DEAR DOCTOR K: I'm in my 60s and already have a lot of wrinkles. What can a dermatologist do for me that will make a difference but not be hugely expensive?
DEAR READER: Age isn't kind to skin. Years of sun exposure leave their mark in the form of fine lines, wrinkles and discoloration. I spoke to my colleague Dr. Kenneth Arndt, clinical professor of dermatology at Harvard-affiliated Beth Israel Deaconess Medical Center. He assured me that some of the damage can be reversed.
The first step is to slow the pace of further damage. Do this by staying out of the sun and by wearing adequate sun protection whenever you are outside. Completely cover exposed skin using a sunscreen with a sun protection factor (SPF) of 30 or higher. And wear sun-protective clothing and a wide-brimmed hat.
If you think this sounds like preaching, at least I practice what I preach. I was raised in Los Angeles and spent nearly every weekend of my life from the ages of 3 to 19 at the beach -- without sunscreen. Most of the time I had a "healthy tan." Like many people in Southern California, I looked "simply maahvelous."
Many skin cancers later, I realize that a "healthy tan" can have unhealthy consequences. Why don't I have the attitude: "The damage is already done, so why should I bother about protecting myself from sun exposure now?" The reason is simple: The past damage has made my skin even more vulnerable to cancer from new sun damage.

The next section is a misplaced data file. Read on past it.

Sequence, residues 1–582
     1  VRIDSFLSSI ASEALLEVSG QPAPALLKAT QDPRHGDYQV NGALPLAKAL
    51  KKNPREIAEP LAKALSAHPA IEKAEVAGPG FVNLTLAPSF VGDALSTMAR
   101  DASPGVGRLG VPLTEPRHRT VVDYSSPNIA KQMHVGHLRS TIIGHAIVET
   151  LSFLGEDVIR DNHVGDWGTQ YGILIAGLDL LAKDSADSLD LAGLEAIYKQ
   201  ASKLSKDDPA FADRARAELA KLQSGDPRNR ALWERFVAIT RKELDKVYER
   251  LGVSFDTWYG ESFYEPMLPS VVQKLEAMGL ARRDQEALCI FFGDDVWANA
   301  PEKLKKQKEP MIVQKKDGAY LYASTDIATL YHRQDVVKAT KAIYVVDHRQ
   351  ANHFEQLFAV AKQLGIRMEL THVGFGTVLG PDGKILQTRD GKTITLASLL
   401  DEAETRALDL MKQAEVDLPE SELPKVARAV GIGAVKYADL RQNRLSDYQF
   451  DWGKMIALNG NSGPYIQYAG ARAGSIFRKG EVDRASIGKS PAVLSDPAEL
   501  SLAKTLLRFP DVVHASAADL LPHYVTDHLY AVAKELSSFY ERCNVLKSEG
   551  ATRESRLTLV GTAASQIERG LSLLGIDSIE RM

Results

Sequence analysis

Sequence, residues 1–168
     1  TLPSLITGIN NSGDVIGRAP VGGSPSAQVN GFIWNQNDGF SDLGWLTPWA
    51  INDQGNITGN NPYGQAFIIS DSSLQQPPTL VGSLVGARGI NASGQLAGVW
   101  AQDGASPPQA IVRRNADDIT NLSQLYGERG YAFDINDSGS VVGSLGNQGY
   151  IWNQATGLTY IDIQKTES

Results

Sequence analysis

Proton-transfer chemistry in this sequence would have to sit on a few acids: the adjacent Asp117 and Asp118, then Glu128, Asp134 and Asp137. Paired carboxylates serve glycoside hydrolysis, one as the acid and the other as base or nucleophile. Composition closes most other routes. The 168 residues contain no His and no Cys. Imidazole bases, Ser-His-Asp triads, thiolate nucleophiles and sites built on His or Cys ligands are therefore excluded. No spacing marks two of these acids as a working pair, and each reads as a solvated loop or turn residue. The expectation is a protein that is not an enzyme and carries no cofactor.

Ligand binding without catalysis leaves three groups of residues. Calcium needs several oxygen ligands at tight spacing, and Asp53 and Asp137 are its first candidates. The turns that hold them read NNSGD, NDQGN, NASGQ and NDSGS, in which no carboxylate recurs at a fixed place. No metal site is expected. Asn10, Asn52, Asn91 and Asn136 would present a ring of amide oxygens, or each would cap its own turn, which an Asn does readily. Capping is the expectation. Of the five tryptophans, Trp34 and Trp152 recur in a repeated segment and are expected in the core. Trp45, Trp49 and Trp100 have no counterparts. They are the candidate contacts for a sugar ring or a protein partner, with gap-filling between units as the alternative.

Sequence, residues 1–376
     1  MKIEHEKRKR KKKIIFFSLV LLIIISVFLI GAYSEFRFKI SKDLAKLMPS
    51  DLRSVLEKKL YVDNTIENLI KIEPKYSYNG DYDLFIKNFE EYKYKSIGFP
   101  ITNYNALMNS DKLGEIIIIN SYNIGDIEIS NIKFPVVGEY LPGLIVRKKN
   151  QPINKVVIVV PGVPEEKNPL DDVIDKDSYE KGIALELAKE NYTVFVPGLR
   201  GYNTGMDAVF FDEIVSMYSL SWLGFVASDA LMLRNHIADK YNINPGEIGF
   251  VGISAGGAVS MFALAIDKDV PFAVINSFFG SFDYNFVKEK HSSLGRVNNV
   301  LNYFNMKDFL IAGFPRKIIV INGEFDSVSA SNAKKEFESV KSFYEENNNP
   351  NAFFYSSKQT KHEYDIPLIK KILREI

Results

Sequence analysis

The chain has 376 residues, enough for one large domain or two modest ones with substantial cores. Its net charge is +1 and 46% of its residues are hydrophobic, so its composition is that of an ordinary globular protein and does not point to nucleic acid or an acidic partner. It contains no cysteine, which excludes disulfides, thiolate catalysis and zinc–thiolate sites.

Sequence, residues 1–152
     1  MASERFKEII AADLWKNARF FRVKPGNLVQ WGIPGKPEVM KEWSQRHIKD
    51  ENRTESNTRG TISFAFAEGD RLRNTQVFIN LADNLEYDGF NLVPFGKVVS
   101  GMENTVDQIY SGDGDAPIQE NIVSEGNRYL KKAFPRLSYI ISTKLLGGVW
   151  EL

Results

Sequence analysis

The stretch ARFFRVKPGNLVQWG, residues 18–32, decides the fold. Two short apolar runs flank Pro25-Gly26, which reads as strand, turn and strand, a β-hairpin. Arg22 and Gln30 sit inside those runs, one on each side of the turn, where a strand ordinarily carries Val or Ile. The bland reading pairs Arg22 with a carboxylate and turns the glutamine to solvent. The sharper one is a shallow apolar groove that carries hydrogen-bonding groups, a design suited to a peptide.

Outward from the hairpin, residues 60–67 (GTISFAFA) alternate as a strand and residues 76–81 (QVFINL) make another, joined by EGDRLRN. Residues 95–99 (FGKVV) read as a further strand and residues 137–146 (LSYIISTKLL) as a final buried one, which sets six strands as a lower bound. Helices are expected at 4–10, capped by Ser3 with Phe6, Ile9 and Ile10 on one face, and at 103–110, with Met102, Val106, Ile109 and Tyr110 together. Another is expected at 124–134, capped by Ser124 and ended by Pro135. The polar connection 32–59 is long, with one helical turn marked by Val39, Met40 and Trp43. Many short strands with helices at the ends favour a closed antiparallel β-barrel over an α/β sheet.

Besides protecting yourself from the sun, to minimize existing wrinkles and age spots, consider dermal fillers and neuromodulators.
Neuromodulators (Botox, Dysport, Xeomin) are injections that relax the muscles that create the appearance of wrinkles when you smile, frown or laugh. These products diminish frown lines and forehead lines and sometimes crow's feet.
Dermal fillers are injections that plump up sagging areas of skin. Dermal fillers are often used to soften the "laugh lines" that run from the side of the nose down to the mouth.
Often the two treatments are used together to enhance and prolong their effects. Both techniques are safe, with few side effects. To keep seeing results, however, you'll need to return for repeat sessions.
You mentioned cost, and these treatments can be pricey. For example, Botox injections range from $300 to $700 per session. If this is out of your budget, consider these options:
Chemical peels use chemicals such as glycolic acid to strip away the outer layer of damaged skin. A glycolic acid peel can cost as little as $80, but it needs to be repeated every few weeks or months to continue showing an effect.
Microdermabrasion uses tiny exfoliating crystals to buff off the top layer of skin and reveal the smoother surface below. Although the technique is different from a chemical peel, the results are similar. The cost is around $100.
In the past 40 years, we've learned a lot about how aging and lifestyle can damage skin, and about how to repair at least some of that damage. That's made many of my patients very happy.
(Dr. Komaroff is a physician and professor at Harvard Medical School. To send questions, go to AskDoctorK.com, or write: Ask Doctor K, 10 Shattuck St., Second Floor, Boston, MA 02115.)